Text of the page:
Indore: Poll training given in locked rooms of colleges
Photo by Indranil MUKHERJEE / AFP
Indore: Poll training given in locked rooms of colleges Photo by Indranil MUKHERJEE / AFP

Another landmark in the life of democracy is celebrated today. Pre-poll freebies have fallen like gentle rain on vote-rich bastis, as if presaging the showers of gold promised in election manifestos. Loudspeakers, hoarse from garibi hatao slogans, have fallen silent. It’s that time in the election cycle, when the middle-class may tend to feel a little left out.

Pundits make it a point to bring the middle-class to a sense of its own irrelevance, dismissing it as numerically-challenged and simultaneously deriding it for failing to vote. Politicians know how their electoral bread is buttered, so garibi hatao holds sway; GDP badao will be addressed another day.

Lest the hapless ‘middle’ protest against the prospect of more taxes and cesses to fund freebies, they are rapped on the knuckles by the likes of Sam Pitroda and adjured not to be “selfish”. Nor does the ‘middle’ dare suggest that wealthy farmers who enjoy vast tax-free agricultural incomes, like NCP MP Supriya Sule and Telegana chief minister K Chandreshekhar Rao, do their bit for garibi, for fear of being dubbed anti-farmer.

Left-wing intellectuals and politicians are particularly bourgeoisie-averse, characterising the great Indian middle-class as terribly lowbrow. The ‘middle’ is demonised for preferring Bollywood to Innaritu, shopping and temple-hopping to classical music and literature and a car in the garage to clearing garbage on the street. Greedy for goodies as opposed to essentials, the middle-class is castigated for being comfortable with corruption.

In the Leftist view, the intellectually bankrupt and apathetic ‘middle’ fails to contribute to the public discourse or engage with new ideas. Self-important, status-quoist and arrogant vis-a-vis the poor, they are afflicted with a misplaced passion for authoritarian figures and a marked preference for Hindutva-spouting demagogues over statesmen. Driven by consumerism rather than ideology, they are fickle in their political loyalties.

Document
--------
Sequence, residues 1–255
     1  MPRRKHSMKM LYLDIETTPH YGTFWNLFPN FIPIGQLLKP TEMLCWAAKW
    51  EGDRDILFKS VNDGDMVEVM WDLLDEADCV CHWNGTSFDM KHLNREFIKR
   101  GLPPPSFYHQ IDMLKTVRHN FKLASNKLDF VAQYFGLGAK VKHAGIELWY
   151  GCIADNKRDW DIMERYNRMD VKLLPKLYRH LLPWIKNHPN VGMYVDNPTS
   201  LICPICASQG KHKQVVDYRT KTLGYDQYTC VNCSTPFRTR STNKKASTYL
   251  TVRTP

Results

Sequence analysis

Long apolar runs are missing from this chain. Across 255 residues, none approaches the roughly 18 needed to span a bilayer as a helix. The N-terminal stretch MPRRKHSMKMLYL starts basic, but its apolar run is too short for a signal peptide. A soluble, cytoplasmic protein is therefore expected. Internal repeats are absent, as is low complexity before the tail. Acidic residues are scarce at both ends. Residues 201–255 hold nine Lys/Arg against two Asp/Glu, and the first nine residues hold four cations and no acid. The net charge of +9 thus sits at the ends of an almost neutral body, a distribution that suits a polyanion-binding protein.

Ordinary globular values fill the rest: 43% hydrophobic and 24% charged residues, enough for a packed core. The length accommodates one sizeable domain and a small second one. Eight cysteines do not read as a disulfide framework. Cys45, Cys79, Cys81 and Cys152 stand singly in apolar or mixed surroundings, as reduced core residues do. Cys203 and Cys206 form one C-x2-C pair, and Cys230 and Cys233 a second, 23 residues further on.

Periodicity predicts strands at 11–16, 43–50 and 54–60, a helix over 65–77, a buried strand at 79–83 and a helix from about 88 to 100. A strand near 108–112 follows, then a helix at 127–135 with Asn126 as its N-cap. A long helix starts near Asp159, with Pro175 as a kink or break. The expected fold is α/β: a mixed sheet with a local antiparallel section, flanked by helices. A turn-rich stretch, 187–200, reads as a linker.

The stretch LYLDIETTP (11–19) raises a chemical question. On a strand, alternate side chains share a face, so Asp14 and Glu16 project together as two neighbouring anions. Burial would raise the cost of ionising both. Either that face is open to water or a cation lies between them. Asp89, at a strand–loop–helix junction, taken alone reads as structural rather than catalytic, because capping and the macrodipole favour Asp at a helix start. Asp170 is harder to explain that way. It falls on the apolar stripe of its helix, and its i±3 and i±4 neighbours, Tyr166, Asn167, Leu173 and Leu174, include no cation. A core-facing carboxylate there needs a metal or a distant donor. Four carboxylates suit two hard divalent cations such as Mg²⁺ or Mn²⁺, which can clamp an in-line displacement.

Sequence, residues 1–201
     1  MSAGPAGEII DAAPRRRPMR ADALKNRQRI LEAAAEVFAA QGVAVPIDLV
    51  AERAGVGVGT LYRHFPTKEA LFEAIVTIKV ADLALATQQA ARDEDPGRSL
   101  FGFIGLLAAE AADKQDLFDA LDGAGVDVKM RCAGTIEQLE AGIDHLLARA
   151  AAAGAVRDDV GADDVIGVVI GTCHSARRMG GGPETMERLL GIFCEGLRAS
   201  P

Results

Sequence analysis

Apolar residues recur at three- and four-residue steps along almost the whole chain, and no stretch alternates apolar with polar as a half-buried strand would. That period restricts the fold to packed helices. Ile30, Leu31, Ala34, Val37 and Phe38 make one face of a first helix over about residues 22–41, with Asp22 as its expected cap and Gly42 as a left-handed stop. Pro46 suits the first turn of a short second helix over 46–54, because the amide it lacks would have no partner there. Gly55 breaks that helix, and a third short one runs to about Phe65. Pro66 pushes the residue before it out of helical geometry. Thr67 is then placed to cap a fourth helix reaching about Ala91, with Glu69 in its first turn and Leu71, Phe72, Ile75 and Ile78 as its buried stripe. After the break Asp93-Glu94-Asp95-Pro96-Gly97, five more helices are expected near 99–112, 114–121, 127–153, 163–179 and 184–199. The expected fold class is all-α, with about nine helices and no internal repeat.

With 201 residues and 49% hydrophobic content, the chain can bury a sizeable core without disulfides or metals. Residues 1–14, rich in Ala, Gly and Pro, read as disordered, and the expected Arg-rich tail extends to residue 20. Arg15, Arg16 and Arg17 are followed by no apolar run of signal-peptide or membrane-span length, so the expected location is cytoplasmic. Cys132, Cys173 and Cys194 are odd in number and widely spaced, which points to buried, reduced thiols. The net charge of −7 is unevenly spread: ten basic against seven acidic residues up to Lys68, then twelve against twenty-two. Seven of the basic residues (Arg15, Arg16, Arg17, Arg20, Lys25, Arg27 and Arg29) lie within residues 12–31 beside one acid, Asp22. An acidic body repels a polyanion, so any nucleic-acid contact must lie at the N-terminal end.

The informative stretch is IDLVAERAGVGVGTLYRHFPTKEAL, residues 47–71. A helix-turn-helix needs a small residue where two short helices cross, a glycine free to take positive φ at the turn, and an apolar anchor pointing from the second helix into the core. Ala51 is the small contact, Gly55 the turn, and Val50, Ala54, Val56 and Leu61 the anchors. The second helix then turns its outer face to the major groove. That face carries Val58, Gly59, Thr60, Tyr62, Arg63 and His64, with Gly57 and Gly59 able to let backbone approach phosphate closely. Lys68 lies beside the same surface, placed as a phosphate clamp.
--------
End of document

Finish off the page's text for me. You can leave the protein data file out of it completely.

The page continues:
Centrists are kinder to the middle class. Congress MP Shashi Tharoor goes so far as to laud its commitment to “an idea of India that is growth-driven” and regret its alienation from the electoral process. Smart politicians know the ‘middle’ has as big a stake as anyone in a stable and effective government. It is less prone to divisions of caste and community and more concerned with development, heathcare and education.

What it lacks in numbers, it makes up for in disseminating values and opinions. Thanks to its access to the media and digital platforms, it can influence the public discourse. The middle-class shed its wallflower status and became more than a mere spectator to electoral politics ten years ago, when the India Against Corruption movement flared up and set the agenda for the 2014 Lok Sabha.

The Aam Aadmi Party was powered as much by the middle class as the economically underprivileged sections. It played a role in 2009 as well, rewarding the UPA I for rapid economic growth. From time to time, civil society movements have put pressure on the state to act, but tend to die down as soon as the issue at hand has been resolved.

Lacking pride of place on any party’s agenda, because it does not have the numerical clout to directly influence electoral outcomes, the middle class nonetheless engages with the state through various avenues, formal and informal. Increasingly, voting is seen as a civic duty and fingers marked with indelible ink are displayed with pride. Conversely, those who haven’t voted invite censorious looks and sheepishly hide guilty, unmarked fingers.

In cities, middle class activism is often expressed through residents’ associations, which in turn put pressure on politicians to deliver. After all, the middle class depends on the state for services. Poor governance and non-delivery of services are most likely to contribute to middle class mobilisation.

That said, estimates of the size and characteristics of the middle class vary. Economists and market-hungry multi-national corporations have long struggled to come up with an adequate definition. Depending on the criteria, it is said to account for anything from 10 per cent to 30 per cent of the population.

Despite an abysmal tax to GDP ratio, there has been a bump in filing of tax returns (currently around 70 million) and this is seen as evidence of a burgeoning middle class.  The fact is that the Indian ‘middle’ is famously heterogenous and not strictly a middle income class; it is only a matter of time before it seeks a more proactive role in distribution and utilisation of public resources.

Bhavdeep Kang is a senior journalist with 35 years of experience in working with major newspapers and magazines. She is now an independent writer and author.